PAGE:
To turn over

To turn over
Turn Turn, v. i. 1. To move round; to have a circular motion; to revolve entirely, repeatedly, or partially; to change position, so as to face differently; to whirl or wheel round; as, a wheel turns on its axis; a spindle turns on a pivot; a man turns on his heel. [1913 Webster]

The gate . . . on golden hinges turning. --Milton. [1913 Webster]

2. Hence, to revolve as if upon a point of support; to hinge; to depend; as, the decision turns on a single fact. [1913 Webster]

Conditions of peace certainly turn upon events of war. --Swift. [1913 Webster]

3. To result or terminate; to come about; to eventuate; to issue. [1913 Webster]

If we repent seriously, submit contentedly, and serve him faithfully, afflictions shall turn to our advantage. --Wake. [1913 Webster]

4. To be deflected; to take a different direction or tendency; to be directed otherwise; to be differently applied; to be transferred; as, to turn from the road. [1913 Webster]

Turn from thy fierce wrath. --Ex. xxxii. 12. [1913 Webster]

Turn ye, turn ye from your evil ways. --Ezek. xxxiii. 11. [1913 Webster]

The understanding turns inward on itself, and reflects on its own operations. --Locke. [1913 Webster]

5. To be changed, altered, or transformed; to become transmuted; also, to become by a change or changes; to grow; as, wood turns to stone; water turns to ice; one color turns to another; to turn Mohammedan. [1913 Webster]

I hope you have no intent to turn husband. --Shak. [1913 Webster]

Cygnets from gray turn white. --Bacon. [1913 Webster]

6. To undergo the process of turning on a lathe; as, ivory turns well. [1913 Webster]

7. Specifically: [1913 Webster] (a) To become acid; to sour; -- said of milk, ale, etc. [1913 Webster] (b) To become giddy; -- said of the head or brain. [1913 Webster]

I'll look no more; Lest my brain turn. --Shak. [1913 Webster] (c) To be nauseated; -- said of the stomach. [1913 Webster] (d) To become inclined in the other direction; -- said of scales. [1913 Webster] (e) To change from ebb to flow, or from flow to ebb; -- said of the tide. [1913 Webster] (f) (Obstetrics) To bring down the feet of a child in the womb, in order to facilitate delivery. [1913 Webster]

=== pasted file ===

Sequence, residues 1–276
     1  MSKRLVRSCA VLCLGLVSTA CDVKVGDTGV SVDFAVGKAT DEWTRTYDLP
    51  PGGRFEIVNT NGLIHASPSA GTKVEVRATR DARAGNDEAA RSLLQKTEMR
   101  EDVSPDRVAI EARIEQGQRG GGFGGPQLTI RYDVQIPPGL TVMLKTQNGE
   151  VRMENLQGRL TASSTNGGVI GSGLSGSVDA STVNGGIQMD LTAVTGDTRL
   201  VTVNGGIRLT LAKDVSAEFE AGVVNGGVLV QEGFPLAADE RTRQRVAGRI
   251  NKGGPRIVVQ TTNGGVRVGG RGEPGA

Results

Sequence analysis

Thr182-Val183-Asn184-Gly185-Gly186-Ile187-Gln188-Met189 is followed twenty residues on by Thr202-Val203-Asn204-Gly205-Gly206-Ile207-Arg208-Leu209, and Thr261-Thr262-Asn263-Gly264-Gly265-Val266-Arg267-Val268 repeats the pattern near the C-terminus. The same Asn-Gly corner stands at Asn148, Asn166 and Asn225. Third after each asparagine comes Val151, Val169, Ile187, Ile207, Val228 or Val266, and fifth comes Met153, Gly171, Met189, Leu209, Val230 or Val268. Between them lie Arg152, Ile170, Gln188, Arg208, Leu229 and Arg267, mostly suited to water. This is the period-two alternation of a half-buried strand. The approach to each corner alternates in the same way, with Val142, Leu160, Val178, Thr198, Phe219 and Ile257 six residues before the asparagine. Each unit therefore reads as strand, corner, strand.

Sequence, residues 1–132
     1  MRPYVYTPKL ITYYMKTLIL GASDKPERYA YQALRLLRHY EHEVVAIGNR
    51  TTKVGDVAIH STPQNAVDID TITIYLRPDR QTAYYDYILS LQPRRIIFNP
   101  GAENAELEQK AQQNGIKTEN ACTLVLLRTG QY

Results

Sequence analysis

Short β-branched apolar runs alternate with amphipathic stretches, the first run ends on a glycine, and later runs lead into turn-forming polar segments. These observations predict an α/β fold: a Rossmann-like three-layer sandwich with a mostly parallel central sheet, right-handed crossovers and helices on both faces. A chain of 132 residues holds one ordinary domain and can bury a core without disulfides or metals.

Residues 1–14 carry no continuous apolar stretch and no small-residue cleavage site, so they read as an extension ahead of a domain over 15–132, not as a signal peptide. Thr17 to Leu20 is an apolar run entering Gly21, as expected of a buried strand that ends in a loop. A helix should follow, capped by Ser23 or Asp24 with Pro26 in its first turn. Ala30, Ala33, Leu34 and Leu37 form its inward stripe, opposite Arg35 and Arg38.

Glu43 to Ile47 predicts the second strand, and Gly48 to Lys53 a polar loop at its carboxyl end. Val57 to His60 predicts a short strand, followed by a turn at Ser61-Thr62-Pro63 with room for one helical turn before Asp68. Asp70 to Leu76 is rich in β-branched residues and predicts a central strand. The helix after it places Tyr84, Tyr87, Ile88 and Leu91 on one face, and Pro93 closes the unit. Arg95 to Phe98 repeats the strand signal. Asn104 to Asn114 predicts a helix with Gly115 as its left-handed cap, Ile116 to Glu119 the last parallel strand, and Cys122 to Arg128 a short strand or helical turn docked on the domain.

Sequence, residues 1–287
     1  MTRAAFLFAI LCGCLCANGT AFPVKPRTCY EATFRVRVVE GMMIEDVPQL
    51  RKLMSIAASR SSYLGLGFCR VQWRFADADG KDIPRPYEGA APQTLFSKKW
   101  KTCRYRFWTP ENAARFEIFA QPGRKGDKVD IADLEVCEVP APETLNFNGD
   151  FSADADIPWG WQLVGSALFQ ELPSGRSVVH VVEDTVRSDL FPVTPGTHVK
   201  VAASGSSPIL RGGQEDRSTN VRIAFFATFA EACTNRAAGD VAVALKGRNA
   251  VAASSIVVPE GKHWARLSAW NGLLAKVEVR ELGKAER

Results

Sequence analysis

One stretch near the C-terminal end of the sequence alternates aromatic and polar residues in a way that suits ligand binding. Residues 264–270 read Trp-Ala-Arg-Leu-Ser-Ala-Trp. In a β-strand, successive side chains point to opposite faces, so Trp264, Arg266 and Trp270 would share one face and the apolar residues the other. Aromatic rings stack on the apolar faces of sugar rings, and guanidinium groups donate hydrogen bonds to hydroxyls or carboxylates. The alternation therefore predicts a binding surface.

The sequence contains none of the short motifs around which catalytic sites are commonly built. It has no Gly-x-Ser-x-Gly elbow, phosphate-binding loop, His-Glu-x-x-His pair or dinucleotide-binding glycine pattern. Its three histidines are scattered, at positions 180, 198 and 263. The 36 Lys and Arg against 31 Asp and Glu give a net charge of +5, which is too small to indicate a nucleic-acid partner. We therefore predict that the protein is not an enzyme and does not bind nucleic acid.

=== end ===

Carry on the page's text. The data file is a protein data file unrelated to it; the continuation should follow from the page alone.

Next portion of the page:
8. (Print.) To invert a type of the same thickness, as temporary substitute for any sort which is exhausted. [1913 Webster]

{To turn about}, to face to another quarter; to turn around.

{To turn again}, to come back after going; to return. --Shak.

{To turn against}, to become unfriendly or hostile to.

{To turn aside} or {To turn away}. (a) To turn from the direct course; to withdraw from a company; to deviate. (b) To depart; to remove. (c) To avert one's face.

{To turn back}, to turn so as to go in an opposite direction; to retrace one's steps.

{To turn in}. (a) To bend inward. (b) To enter for lodgings or entertainment. (c) To go to bed. [Colloq.]

{To turn into}, to enter by making a turn; as, to turn into a side street.

{To turn off}, to be diverted; to deviate from a course; as, the road turns off to the left.

{To turn on} or {To turn upon}. (a) To turn against; to confront in hostility or anger. (b) To reply to or retort. (c) To depend on; as, the result turns on one condition.

{To turn out}. (a) To move from its place, as a bone. (b) To bend or point outward; as, his toes turn out. (c) To rise from bed. [Colloq.] (d) To come abroad; to appear; as, not many turned out to the fire. (e) To prove in the result; to issue; to result; as, the crops turned out poorly.

{To turn over}, to turn from side to side; to roll; to tumble.